character of executive privilege attaches to the information
and not to the person. Executive privilege is for the benefit of
the State and not for the benefit of the office holder. Even
death does not extinguish the confidentiality of information
covered by executive privilege.
Executive privilege must be exercised by the President in
pursuance of official powers and functions. Executive
privilege cannot be invoked to hide a crime because the
President is neither empowered nor tasked to conceal a
crime.[35] On the contrary, the President has the constitutional
duty to enforce criminal laws and cause the prosecution of
crimes.[36]
Executive privilege cannot also be used to hide private
matters, like private financial transactions of the
President. Private matters are those not undertaken pursuant
to the lawful powers and official functions of the
Executive. However, like all citizens, the President has a
constitutional right to privacy.[37] In conducting inquiries, the
Legislature must respect the right to privacy of citizens,
including the Presidents.
Executive privilege is rooted in the separation of powers.
[38]
Executive privilege is an implied constitutional power
because it is necessary and proper to carry out the express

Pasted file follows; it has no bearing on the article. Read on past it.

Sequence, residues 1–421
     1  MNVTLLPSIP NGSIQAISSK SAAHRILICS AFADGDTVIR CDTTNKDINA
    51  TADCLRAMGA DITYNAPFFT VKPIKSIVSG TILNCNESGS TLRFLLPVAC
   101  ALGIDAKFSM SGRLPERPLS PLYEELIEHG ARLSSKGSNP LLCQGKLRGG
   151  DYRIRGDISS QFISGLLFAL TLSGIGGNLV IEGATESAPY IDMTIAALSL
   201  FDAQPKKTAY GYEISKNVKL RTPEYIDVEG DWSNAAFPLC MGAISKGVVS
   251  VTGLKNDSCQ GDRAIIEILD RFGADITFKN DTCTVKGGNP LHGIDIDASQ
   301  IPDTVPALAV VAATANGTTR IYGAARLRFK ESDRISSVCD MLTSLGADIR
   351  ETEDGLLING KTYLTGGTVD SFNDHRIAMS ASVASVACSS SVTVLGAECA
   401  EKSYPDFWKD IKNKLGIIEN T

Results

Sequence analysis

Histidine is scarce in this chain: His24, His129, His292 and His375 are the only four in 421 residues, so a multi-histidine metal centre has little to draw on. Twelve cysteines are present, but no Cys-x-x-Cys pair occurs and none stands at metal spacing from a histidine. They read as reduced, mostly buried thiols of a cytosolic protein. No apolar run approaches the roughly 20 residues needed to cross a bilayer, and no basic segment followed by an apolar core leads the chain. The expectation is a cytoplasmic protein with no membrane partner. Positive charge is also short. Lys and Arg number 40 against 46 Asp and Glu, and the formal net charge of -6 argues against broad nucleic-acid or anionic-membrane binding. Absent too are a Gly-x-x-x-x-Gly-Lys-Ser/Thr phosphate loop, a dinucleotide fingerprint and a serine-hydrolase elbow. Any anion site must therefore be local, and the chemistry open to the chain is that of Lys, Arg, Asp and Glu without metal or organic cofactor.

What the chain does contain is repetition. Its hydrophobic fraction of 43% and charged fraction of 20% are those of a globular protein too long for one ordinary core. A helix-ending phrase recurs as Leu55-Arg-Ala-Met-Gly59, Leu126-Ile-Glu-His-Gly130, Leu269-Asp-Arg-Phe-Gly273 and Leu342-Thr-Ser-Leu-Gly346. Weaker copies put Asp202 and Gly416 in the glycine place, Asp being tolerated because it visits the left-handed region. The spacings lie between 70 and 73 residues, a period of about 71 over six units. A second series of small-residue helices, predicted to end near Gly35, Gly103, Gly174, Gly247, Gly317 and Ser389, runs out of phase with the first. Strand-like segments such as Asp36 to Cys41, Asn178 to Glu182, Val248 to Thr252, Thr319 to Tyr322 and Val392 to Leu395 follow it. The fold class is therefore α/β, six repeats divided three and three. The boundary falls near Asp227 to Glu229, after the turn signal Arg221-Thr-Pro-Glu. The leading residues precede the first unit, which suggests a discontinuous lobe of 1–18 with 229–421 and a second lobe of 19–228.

constitutional powers and functions of the Executive free
from the encroachment of the other co-equal and co-ordinate
branches of government. Executive privilege springs from the

supremacy of each branch within its own assigned area of


constitutional powers and functions.[39]
Executive privilege can be invoked only by the President who
is the sole Executive in whom is vested all executive power
under the Constitution.[40] However, the Executive Secretary
can invoke executive privilege By Order of the President,
which means the President personally instructed the
Executive Secretary to invoke executive privilege in a
particular circumstance.[41]
Executive privilege must be invoked
with specificity sufficient to inform the Legislature and the
Judiciary that the matter claimed as privileged refers to
military, national security or diplomatic secrets, or to
confidential Presidential communications.[42] A claim of
executive privilege accompanied by sufficient specificity